Survey: Ont. manufacturers focusing on diversification, profitability
By Manufacturing AUTOMATION
By Manufacturing AUTOMATION
Diversification plans are on the agenda as many manufacturers rebound from the initial shock of the COVID-19 pandemic, says the latest survey conducted by the Canadian Association of Moldmakers (CAMM) and Automate Canada.
Exploring opportunities in new industry sectors – like medical equipment, other segments of the automotive industry, aerospace, and food and beverage – was listed as a priority among respondents, along with expansion into new export markets such as Mexico and South America.
“We know our industry is resilient,” says Mike Bilton, CAMM board chair.
“We were hit hard but, we were ready with a strong team on our board, with Automate Canada and with our local economic development organization. Many of our members are still struggling, some are rebounding, and some are thriving. We now are looking ahead to ensure we get back on track even stronger, by applying what we’ve learned to date.”
The associations have been conducting monthly impact surveys of the industrial automation, mold making and tool and die sectors following weekly check-ins during the first few months of the pandemic
In the August survey, the top concerns for manufacturing are border restrictions and a return to profitability given pressures from a weakening economy.
One hundred per cent of respondents reported that they had resumed operations. The number of employees on temporary layoff also dropped to a six-month low and the number of employees on furlough dropped precipitously from an average of 400 each month to under 20.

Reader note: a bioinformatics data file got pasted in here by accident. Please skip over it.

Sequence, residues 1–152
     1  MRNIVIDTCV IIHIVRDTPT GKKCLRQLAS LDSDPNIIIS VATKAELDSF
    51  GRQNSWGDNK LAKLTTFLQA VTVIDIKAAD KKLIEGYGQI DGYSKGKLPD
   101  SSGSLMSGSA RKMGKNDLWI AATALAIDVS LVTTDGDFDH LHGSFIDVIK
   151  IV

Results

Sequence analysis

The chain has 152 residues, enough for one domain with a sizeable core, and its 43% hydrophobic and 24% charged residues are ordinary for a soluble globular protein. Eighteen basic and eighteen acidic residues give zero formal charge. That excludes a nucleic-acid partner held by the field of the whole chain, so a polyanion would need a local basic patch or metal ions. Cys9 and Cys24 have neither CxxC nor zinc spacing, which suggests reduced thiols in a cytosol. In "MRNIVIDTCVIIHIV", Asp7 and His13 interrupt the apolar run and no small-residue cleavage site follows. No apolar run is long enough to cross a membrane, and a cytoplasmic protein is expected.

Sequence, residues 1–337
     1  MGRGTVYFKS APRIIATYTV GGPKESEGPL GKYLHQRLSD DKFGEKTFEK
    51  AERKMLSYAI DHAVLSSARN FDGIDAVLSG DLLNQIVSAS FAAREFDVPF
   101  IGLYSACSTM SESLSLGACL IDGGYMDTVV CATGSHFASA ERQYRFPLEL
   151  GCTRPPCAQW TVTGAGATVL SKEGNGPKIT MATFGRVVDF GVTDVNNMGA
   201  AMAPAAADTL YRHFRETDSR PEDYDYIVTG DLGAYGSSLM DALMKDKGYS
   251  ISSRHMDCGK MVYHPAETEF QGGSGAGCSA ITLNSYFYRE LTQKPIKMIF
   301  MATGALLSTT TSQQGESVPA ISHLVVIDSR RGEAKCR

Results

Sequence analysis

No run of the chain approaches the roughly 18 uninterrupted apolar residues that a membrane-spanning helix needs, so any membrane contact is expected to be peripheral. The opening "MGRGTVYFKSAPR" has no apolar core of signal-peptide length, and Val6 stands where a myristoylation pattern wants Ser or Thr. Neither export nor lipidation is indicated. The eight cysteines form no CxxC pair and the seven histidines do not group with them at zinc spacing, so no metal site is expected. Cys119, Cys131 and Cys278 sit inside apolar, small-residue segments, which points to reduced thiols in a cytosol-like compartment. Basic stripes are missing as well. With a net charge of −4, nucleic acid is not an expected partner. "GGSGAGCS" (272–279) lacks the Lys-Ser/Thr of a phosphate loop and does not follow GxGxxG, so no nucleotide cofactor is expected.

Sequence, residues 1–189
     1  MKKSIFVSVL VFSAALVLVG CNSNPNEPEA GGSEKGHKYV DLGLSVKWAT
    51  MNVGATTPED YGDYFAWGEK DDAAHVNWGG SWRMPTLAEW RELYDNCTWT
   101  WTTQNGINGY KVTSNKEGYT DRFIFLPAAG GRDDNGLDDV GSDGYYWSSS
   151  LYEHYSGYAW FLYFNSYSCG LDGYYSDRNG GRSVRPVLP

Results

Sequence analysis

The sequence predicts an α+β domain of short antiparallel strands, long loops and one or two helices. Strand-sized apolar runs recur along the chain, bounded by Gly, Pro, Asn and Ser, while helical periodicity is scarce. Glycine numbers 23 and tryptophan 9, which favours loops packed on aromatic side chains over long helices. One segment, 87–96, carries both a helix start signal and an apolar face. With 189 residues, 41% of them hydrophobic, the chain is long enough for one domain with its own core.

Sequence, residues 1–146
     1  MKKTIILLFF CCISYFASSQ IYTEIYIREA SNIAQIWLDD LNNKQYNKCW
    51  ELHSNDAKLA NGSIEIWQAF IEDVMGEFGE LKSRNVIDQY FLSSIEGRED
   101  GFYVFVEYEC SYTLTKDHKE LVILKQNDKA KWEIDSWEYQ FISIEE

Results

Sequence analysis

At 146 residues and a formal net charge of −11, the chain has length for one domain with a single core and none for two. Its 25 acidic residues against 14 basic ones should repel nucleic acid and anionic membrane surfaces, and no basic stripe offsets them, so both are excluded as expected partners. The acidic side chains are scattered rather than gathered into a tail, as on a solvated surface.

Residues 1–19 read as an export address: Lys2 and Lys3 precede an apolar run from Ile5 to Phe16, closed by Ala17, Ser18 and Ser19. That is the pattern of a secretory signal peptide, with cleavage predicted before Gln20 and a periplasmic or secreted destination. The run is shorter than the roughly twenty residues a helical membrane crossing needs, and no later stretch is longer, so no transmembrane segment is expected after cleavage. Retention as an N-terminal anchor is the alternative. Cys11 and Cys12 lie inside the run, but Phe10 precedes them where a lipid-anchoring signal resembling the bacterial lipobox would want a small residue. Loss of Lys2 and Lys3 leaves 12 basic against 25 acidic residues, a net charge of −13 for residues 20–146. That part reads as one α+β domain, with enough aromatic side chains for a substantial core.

The number of new RFQs is now consistently higher than the number of programs being cancelled. Sixty-six of respondents
reported receiving new RFQs in the August survey, down from the 77 per cent of respondents reported in July.
A recent webinar held in partnership with the WindsorEssex Economic Development Corporation attracted over 100 attendees from the industrial automation and mold making, sectors, providing information on border issues from representatives of the Canada Border Services Agency (CBSA).
Eighty per cent of manufacturers have begun planning for a second wave of COVID-19 and are focusing on improving profitability.
“Our survey program has allowed us to be the voice for our industries, reporting concerns and needs to all levels of government,” says Shelley Fellows, chair of Automate Canada. “The information provided to us has been invaluable in shaping our responses to this crisis.”
During the early days of the pandemic, many manufacturers halted or slowed operations and laid off large numbers of employees, using government programs like the Canada Emergency Wage Subsidy (CEWS) to preserve employee numbers and protect cash flow.
Six months in to the crisis, manufacturers have resumed operations, returned employees to the workplace and have focused on planning for doing business in a greatly altered landscape, with access to their most important export market – the United States – hampered due to border closures.